fastdict — Reimagining a Dictionary App for on-the-go Use
For my studies I have been reimagining what the pretty old-fashioned and heavily cluttered dict.cc could look like. I had been using their app for ages because it featured pretty useful offline capability, but never been too amazed by the lackluster design and user experience for my personal needs.
So I got sidetracked to design just a few animated screens for a more fitting version of the app. As I haven’t done this before, I am looking forward for honest feedback.
When using the desktop version of the website, I usually sat at home and used dict.cc for my English homework to find the perfect words and expressions to fit in my sentences. I had enough time and could also look at the synonyms, connected words and phonetics.
For the mobile app it was and still is a whole different story: I need it when talking to exchange students and noticing that I am missing one particular word to explain something or to understand them. Speed is of importance, so the flow of the conversation does not get too disrupted. It’s less vital to find the perfect translation — It just has to be fast and give an idea of what people might mean. If I am looking for “acceleration” and even before I stop typing “to accelerate” shows up, I’ve already got the idea and already reached my goal.
This was even more important when I was in Poland with not-so-very-fluent Polish. Waiting for the translation to arrive via mobile internet connection or even clicking what felt like ten times while the other person was waiting for me to find an important word — that is just uncomfortable and felt unneccessary.
And now that I can conjugate and decline Polish words a bit better, it’s also easier to find the right word just by looking up one close to it.
Therefore, the priority list looks as follows:
- Being able to type directly after startup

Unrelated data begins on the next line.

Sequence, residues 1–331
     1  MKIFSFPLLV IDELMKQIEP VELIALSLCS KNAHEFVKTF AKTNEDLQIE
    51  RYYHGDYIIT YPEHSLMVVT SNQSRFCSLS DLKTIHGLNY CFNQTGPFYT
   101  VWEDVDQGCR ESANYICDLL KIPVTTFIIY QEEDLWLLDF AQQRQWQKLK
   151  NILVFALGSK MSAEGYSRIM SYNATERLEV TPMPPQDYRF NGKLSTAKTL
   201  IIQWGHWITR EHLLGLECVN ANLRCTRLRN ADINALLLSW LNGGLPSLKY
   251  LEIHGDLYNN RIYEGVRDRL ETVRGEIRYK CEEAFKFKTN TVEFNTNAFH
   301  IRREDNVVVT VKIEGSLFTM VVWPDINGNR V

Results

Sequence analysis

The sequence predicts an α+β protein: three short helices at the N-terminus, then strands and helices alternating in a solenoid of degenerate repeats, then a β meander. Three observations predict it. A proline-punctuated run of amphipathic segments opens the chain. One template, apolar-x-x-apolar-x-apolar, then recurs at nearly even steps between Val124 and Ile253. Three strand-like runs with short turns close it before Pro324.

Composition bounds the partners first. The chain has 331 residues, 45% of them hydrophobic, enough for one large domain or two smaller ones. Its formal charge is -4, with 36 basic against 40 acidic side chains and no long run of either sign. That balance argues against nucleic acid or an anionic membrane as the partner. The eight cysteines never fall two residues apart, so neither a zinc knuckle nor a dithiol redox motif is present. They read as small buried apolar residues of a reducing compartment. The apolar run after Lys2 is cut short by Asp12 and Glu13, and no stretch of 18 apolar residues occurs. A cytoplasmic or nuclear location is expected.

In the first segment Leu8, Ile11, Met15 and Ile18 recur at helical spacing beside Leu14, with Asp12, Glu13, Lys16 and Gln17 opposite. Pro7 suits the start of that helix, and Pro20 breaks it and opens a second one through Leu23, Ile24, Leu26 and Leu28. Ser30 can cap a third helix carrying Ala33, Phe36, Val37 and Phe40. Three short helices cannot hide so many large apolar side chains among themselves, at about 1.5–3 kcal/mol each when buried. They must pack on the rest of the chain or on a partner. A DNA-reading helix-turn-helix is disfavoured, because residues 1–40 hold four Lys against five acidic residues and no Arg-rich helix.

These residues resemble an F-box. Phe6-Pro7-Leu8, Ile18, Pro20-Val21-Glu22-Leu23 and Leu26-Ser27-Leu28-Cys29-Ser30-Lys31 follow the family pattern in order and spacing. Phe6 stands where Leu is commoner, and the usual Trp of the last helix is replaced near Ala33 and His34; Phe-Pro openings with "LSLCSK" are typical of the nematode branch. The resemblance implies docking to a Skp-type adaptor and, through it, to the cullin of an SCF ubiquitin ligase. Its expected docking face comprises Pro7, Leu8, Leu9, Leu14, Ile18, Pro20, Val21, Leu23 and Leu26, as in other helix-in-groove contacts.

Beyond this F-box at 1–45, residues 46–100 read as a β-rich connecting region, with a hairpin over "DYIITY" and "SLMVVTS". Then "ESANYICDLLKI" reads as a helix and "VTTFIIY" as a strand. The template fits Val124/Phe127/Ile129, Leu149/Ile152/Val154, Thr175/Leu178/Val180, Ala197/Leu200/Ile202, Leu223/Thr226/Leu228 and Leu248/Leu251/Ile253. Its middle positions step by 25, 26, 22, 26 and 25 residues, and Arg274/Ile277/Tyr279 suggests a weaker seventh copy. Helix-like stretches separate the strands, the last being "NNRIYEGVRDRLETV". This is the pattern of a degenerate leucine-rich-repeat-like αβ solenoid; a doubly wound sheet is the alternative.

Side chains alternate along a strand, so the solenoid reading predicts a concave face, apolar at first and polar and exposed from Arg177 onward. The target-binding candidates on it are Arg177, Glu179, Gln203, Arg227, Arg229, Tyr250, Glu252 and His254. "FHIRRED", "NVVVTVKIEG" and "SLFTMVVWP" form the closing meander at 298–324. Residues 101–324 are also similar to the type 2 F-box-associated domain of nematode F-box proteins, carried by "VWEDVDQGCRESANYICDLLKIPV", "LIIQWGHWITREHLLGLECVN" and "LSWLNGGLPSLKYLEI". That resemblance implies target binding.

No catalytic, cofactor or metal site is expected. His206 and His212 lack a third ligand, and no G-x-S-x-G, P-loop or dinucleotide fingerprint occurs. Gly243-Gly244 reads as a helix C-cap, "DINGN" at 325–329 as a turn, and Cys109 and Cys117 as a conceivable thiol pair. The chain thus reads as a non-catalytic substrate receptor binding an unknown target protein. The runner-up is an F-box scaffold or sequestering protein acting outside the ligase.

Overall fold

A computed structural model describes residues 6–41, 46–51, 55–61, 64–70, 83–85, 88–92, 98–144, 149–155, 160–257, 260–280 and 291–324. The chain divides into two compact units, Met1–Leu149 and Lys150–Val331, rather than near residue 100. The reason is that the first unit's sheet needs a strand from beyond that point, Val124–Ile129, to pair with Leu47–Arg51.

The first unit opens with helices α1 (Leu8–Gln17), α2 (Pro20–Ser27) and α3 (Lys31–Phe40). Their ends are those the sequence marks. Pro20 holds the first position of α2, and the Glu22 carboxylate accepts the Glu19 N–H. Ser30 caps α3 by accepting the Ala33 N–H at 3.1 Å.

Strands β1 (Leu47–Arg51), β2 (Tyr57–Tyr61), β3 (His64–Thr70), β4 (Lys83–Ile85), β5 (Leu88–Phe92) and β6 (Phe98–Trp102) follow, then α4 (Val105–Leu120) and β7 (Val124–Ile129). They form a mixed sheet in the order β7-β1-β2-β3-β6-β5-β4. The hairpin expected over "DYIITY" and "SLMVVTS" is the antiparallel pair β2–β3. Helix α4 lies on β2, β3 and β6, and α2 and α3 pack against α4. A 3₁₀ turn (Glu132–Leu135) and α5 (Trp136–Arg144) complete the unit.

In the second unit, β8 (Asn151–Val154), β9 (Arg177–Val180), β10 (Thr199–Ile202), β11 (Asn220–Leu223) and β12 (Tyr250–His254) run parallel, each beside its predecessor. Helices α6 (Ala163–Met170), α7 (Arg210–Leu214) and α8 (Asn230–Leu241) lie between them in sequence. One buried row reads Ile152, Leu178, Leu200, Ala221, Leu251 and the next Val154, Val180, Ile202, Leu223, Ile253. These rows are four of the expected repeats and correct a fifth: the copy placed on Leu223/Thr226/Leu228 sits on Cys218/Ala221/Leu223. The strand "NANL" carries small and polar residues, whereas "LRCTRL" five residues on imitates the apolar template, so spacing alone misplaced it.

- Seeing any roughly fitting translations directly
- Having to click less
- Ability to access more translations if necessary
- Switching languages (is a must, but happens only rarely)
- Listening to the pronounciations
- Search history
- Side menu and other basic stuff
Not important in this case:
- Synonyms, phonetics, etymology
- Links to other dictionaries
- Source of the translation, forums
- Language combinations like French-Portuguese, because the app and the whole dictionary database has mainly been built for English-German translations and only features translation to other languages from or to either English or German.
So I decided to only show the first entry of the database (right) for the corresponding search result (left) and to let the user then decide if he needs more detail and wants to swipe left on one of the translations.
A swipe right on the original word to the left triggers the audio file of the pronounciation, so the user can double-check if it is indeed the word he was looking for – or even to practise pronouncing it before speaking to somebody.
I implemented a secondary search button in the lower center of the screen, so it’s located close to the thumb, even if the user is left-handed. There should be no need to stretch all the way to the top bar.
The button to toggle the language menu is right above it, so it’s not in the user’s way but also easily reachable and always prominent to ensure the right language is currently chosen.
By tapping a language written in English, the whole app switches to the English mode and translates from the chosen language to English (or the other way around – it’s always bidirectional) and the same principle applies for languages written in German.
- How can users learn the behaviour oft swiping to reveal information? There could be a mini tutorial while onboarding or maybe low-opacity arrows showing where to swipe on the first X uses of the app.
- Why the “dark theme” ? In general usage, because of daylight, this might turn out problematically. I just wanted to try it out for this small experiment only, because the only “statisctial data” I had was that I personally used it a lot when talking with people in bars in the evening.
- In my Version there are some features not implemented, like downloading languages and knowing which ones the user already has. That’s because I mainly wanted to show the swiping feature.
This is only a visual prototype of a few screens and functions, but I hope that it conveys the ideas well, as it is my first project like this.
Any feedback is highly appreciated.
What do you agree with? What could have been done better?
And did you find the mistake where I put “le” isntead of “la”? (#shameonme)
Thank you in advance, interwebs people.